Microspheres labelled with multiple dyes can be used to perform high-throughput multiplexing assays. Based on a similar principle as flow cytometry, a microfluidic imaging platform is being developed into a smaller form factor and it generates quantitative data of biomarkers from the captured images. We seek to demonstrate the detection of multiple dengue fever biomarkers via a custom designed optics. To achieve the detection objective, we are interested in electromagnetic focusing and acoustic focusing in the imaging channel. Microfluidic designs can be simulated in multiphysics tools and fabricated for experimental testing. The detection of fluorescent bead requires a uniform light source to excite the fluorophores. We have demonstrated strategies of using non-collimated and collimated source to improve the uniformity of the fluorescence illumination. Additionally, imaging processing algorithms are being developed, such as region recognition, intensity classification, thresholding and calibration.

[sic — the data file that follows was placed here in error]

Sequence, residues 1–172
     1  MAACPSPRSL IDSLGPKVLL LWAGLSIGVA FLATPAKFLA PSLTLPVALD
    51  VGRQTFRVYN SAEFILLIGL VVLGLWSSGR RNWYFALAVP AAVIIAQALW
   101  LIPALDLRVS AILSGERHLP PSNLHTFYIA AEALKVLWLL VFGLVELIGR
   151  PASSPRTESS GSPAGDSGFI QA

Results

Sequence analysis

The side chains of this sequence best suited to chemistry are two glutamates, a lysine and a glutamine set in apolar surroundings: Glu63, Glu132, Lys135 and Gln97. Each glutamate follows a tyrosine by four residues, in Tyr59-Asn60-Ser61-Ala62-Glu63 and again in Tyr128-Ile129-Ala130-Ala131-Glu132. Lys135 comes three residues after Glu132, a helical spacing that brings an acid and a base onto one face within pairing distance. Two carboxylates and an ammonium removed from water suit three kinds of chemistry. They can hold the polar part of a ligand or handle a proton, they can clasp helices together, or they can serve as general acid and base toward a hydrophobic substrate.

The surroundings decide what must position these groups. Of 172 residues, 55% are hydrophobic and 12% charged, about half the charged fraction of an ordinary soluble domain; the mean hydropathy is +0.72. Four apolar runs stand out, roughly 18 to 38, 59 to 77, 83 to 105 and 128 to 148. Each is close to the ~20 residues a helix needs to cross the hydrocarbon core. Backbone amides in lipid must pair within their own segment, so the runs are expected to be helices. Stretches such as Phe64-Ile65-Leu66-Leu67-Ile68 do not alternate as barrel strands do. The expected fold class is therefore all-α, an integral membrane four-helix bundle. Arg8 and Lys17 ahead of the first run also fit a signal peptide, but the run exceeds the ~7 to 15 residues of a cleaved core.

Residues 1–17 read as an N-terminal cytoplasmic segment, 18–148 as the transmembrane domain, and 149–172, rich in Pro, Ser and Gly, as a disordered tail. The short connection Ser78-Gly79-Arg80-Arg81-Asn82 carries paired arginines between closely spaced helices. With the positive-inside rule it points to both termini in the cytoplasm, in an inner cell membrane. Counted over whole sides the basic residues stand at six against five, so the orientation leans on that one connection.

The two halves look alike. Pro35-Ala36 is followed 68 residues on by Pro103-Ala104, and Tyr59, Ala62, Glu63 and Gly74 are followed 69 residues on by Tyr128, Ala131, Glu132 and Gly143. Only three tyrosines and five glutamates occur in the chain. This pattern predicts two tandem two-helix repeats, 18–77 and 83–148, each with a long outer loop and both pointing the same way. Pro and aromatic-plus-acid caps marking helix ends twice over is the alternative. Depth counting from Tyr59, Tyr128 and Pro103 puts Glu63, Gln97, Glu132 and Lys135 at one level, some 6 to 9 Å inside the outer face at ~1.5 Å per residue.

Key words: multiplexing assay, biomarkers, fluorescent probes, biosensors, optics, microscope, laser, LED, filters, image processing, machine learning

Plasmonic AlGaAs Waveguides for Four Wave Mixing

Kyle Johnson